Applications of Distributed Ledger Technology (Blockchain)
In this week’s blog, I highlight some good uses of Blockchain technology and recent events showcasing their deployment.
One of the most promising applications for Blockchain is eliminating the inefficiencies and reducing the cost that currently plagues centralized methods for ownership transfer (assets sales/purchases) or record keeping.
A recent and good example of this application is:
German Financial Regulator Approves US$280 Real Estate Token Sale
While some people may still be skeptical about Blockchain technology, the German Financial Market Supervisory Authority (BaFin) recently approved an offering of 250 million euro (US$280 million) of real estate bonds by Fundament Group using Ethereum-based tokens. This offering will effectively allow most people in the world to indirectly invest in commercial real estate in Germany (investors from the U.S., Australia and Iran are blacklisted from participating in the initial sale). This real estate token sale by Fundament Group is one of the largest and the country’s first blockchain-based real estate bond offering to retail and institutional investors.
Other good examples of applying Blockchain include:
Utah Using Blockchain-based Voting Application
A county in the U.S. State of Utah will be offering the Voatz mobile voting application based on Blockchain technology to military absentee voters and their family members living overseas in an upcoming municipal primary election.
Voting applications based on Blockchain make a lot of sense because once a vote is cast and recorded on the Blockchain, there is no central database that an attacker can hack to alter results nor is there a need to trust a central authority (or individual) with access to a central database. This would be an important feature in some nations where voting results have been challenged. Deploying a distributed ledger database removes the need to trust a central authority and significantly reduces the susceptibility to cyberattacks that may be possible with a centralized database.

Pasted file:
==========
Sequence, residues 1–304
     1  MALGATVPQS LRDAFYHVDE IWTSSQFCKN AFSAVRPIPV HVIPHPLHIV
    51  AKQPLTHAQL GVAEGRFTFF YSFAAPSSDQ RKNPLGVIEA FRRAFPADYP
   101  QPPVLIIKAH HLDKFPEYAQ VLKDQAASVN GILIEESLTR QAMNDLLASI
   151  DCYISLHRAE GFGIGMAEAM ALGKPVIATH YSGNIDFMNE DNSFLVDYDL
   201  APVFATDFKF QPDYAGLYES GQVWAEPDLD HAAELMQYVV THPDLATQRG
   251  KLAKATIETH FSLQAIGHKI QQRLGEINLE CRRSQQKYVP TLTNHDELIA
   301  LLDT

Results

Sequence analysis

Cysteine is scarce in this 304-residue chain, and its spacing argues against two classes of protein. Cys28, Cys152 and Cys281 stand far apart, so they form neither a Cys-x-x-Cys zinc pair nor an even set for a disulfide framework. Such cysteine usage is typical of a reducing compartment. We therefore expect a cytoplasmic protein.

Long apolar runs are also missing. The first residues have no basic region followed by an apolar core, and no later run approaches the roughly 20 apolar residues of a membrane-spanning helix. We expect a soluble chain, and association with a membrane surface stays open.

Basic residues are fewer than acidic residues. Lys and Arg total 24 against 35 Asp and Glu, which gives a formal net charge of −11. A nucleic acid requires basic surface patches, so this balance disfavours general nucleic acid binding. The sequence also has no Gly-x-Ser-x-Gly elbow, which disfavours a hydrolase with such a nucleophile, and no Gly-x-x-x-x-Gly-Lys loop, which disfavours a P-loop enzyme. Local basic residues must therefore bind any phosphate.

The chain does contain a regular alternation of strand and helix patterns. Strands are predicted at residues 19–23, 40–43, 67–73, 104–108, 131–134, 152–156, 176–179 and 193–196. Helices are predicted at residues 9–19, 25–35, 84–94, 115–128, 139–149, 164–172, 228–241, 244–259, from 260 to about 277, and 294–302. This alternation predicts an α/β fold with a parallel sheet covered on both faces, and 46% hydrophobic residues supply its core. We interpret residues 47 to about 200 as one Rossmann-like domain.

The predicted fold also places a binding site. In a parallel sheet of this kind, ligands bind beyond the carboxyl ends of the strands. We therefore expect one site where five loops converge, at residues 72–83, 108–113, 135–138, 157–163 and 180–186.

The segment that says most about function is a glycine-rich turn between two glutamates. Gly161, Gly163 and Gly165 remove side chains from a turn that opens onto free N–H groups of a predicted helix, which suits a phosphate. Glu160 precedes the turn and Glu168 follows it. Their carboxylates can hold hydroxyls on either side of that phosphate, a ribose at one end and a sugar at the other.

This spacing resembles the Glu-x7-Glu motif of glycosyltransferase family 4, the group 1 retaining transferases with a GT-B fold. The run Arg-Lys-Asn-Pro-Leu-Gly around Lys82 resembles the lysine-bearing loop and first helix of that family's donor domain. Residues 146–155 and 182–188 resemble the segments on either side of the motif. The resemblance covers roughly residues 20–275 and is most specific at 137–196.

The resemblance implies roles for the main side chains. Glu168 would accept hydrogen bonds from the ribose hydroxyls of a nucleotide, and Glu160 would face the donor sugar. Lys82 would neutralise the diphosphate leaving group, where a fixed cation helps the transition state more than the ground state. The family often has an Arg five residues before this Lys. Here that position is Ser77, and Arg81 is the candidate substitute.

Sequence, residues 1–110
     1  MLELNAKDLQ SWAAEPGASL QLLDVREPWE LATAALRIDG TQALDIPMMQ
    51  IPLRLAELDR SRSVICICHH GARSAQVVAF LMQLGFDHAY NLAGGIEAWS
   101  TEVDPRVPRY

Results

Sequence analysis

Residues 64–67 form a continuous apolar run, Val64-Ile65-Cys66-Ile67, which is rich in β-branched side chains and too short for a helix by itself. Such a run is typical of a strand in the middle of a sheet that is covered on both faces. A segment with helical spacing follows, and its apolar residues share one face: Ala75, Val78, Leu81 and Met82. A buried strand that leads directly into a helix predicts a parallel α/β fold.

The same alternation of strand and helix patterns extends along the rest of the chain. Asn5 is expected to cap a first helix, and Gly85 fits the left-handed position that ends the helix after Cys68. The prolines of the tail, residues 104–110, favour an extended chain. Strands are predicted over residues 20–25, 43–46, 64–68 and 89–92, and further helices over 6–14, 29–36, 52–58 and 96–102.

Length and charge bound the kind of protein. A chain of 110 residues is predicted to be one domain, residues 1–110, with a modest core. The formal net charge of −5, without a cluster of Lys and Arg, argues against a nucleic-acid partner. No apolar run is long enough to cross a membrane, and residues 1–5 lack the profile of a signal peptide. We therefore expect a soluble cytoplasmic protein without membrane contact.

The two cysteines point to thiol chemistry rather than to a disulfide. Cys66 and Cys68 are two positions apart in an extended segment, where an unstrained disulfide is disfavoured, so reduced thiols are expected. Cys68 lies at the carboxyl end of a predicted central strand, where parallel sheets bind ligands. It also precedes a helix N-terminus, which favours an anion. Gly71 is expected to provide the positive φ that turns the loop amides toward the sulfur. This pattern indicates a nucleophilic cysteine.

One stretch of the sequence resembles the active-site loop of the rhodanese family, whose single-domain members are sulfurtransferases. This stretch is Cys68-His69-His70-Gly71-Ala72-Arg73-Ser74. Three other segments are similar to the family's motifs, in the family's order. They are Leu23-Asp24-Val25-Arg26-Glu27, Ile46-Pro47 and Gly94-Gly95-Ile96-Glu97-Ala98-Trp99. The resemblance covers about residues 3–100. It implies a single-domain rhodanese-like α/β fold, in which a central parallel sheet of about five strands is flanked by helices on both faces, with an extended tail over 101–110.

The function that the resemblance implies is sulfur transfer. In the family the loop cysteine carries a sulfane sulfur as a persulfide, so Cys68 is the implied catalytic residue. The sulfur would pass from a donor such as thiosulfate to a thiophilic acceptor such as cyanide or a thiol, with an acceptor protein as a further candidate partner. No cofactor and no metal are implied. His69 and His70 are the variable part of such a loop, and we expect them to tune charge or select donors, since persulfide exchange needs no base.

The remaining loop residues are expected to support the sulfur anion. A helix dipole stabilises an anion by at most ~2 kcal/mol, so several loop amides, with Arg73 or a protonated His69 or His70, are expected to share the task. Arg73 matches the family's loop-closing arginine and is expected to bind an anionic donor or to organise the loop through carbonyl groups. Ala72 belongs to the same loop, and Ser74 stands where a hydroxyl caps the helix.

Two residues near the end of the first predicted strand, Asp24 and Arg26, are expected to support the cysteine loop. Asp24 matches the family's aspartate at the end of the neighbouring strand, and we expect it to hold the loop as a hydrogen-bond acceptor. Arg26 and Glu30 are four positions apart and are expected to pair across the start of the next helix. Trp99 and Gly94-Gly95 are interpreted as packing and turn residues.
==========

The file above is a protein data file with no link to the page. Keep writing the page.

Blockchain Based ID Management Systems
Migrating identity management to a Blockchain-based solution will in the future eliminate the need to make a trip to your nearby Department of Motor Vehicles (DMV) to renew your ID card or a local government agency to obtain an international passport. Deploying artificial intelligence (AI) techniques such as liveness detection, facial recognition and identification and other biometrics attributes, we believe current ID management systems will eventually evolve to a self-sovereign identity system. Samsung Electronics, in collaboration with major industry partners, plan to launch a Blockchain-based mobile and global ID system in 2020 to help accomplish this vision.
Many other industry heavyweights such as Microsoft and IBM are also offering similar solutions which I wrote about in a prior blog in May.
We are seeing increased business use cases for Blockchain technology, however, some of the Blockchains on which these applications are based use Proof-of-Stake (PoS) or are planning to switch to Proof-of-Work (PoW). Proof-of-Stake based Blockchains are in some ways centralized because the record keepers (miners) are either given permission to participate by owning a stake unlike Proof-of-Work based Blockchains.
At BlockMint, we believe that all Blockchain applications should use decentralized Proof-of-Work based algorithms as I discussed in my blog last month.
Chief Executive Officer